The chief reason for this glut of talent, says Miami head Coach Butch Davis, is the weather. "I think the climate has a lot to do with it," he says. "A lot of kids get a tremendous amount of outside activity growing up here. There's just a prolific amount of really good athletes."

Florida's endless summer produces other advantages. According to Jim Martz, author of a book about Miami Hurricane football, Florida is one of only three states that allows a month of full-contact high school football practice in the spring. "By the time kids get to college," Mr. Martz says, "they've already had an extra four months of training."

But just because the Sunshine State is teeming with talent doesn't mean it all gravitates to Florida teams. According to Martz, one of the keys to the rebirth of football here after a drought in the 1960s and early '70s was a concerted effort to keep kids at home, rather than losing them to Northern powers like Notre Dame and Ohio State.

One of the advantages of local players is that they're accustomed to playing in searing temperatures. Former Miami coach Howard Schnellenberger has said that early in the year, before the mercury settles, Florida's heat and humidity give native teams a 7-point advantage in daytime games. The heat, Schnellenberger argues, is more difficult to adjust to than subzero temperatures up North.

The record bears him out. As Martz notes, "you can count the number of times Florida teams have lost at home in the 1990s on one hand."

Yet the path to greatness has not been without hubris. In the last decade, Florida teams have grown notorious for scandals and even hooliganism. Miami was placed on probation last year for a series of rules violations. It is prohibited from appearing in a bowl game, and scholarships have been limited. The NCAA is investigating Florida State for alleged wrongdoings involving a shoe contract.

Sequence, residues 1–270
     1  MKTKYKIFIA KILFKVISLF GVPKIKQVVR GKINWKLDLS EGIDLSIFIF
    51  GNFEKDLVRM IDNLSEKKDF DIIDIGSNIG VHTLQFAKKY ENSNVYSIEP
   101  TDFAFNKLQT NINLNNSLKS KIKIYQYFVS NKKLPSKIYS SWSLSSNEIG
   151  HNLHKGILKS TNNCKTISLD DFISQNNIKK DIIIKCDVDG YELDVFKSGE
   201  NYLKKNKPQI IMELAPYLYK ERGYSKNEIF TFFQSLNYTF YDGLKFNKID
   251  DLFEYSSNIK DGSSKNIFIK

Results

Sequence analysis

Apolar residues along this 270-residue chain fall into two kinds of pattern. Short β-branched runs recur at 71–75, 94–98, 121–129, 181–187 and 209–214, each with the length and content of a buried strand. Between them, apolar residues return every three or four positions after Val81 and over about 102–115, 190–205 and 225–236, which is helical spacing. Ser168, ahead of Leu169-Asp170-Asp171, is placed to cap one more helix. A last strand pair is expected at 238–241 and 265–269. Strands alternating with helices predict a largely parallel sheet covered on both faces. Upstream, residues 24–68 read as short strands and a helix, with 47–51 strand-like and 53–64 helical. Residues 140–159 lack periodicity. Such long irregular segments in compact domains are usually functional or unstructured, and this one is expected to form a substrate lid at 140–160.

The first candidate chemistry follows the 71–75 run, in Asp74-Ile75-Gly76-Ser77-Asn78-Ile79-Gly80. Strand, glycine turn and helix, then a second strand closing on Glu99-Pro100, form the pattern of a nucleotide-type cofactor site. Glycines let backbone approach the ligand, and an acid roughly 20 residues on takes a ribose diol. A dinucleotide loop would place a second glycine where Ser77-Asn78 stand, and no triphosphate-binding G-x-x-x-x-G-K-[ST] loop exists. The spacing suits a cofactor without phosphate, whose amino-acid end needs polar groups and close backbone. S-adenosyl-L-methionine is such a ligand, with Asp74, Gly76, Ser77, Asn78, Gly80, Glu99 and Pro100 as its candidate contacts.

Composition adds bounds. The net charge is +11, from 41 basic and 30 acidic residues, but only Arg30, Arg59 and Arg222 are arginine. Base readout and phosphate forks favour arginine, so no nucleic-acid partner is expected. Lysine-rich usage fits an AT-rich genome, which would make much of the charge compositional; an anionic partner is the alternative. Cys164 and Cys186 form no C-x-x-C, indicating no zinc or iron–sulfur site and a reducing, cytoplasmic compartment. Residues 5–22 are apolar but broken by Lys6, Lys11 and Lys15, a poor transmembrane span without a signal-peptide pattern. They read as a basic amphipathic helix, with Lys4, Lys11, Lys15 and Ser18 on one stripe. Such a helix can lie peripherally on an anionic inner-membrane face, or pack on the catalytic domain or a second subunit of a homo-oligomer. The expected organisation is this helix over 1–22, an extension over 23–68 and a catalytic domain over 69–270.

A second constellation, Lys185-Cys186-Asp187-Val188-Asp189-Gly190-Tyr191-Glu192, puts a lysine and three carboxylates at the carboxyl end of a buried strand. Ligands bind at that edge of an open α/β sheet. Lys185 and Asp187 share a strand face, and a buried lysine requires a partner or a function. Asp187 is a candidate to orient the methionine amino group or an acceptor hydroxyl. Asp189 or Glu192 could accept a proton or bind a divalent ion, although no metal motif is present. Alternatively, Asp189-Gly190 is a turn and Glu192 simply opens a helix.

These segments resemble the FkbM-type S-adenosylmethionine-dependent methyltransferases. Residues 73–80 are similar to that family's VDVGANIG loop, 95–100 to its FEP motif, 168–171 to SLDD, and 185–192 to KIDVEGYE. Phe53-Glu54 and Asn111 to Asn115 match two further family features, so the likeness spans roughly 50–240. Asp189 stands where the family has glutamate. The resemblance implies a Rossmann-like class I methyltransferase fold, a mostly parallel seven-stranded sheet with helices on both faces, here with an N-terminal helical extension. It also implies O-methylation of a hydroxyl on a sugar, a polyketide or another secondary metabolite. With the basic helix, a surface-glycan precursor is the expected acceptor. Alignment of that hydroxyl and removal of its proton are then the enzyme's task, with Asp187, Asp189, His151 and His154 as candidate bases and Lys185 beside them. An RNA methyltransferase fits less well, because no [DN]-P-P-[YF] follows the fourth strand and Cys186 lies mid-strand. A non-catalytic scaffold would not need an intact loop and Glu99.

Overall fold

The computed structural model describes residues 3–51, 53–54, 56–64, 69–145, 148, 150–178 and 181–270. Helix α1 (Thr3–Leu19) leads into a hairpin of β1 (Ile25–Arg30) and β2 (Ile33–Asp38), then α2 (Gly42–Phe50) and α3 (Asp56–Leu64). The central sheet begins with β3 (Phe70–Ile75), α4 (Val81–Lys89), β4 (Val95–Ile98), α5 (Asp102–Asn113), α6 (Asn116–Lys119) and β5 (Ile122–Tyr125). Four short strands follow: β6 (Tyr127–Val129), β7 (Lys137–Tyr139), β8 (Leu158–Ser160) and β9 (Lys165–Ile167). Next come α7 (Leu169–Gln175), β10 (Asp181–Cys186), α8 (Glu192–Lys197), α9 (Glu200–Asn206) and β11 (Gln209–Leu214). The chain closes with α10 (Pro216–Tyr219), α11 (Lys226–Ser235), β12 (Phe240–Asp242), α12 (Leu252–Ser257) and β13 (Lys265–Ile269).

Florida teams have also been hammered for a lack of sportsmanship. Miami teams were notorious for taunting opponents, celebrating madly after routine plays and picking fights on the field. Driven by complaints about such behavior, the NCAA instituted new rules three seasons ago that strictly limit end-zone celebrations and other forms of personal expression.

In addition, behavioral troubles have continued to plague the Hurricanes off the field. Before this season, Coach Davis suspended five players for violations ranging from assault to kidnapping and burglary.

If suspensions don't keep some Florida players off the field, new NCAA regulations might. Starting this year, high school players nationwide must score an 820 on the SAT and earn a 2.5 grade point average to be eligible to play at college. Mr. Buchalter says only about half of this year's top 300 Florida prospects meet these standards.

But whatever the future holds for the college football teams on this palm-fringed peninsula, they will be able to point to an unprecedented era of domination. Last week, Penn State Coach Joe Paterno, one of the game's foremost traditionalists, summed it up this way: "I don't know what it takes to get somebody outside the state of Florida to be No. 1."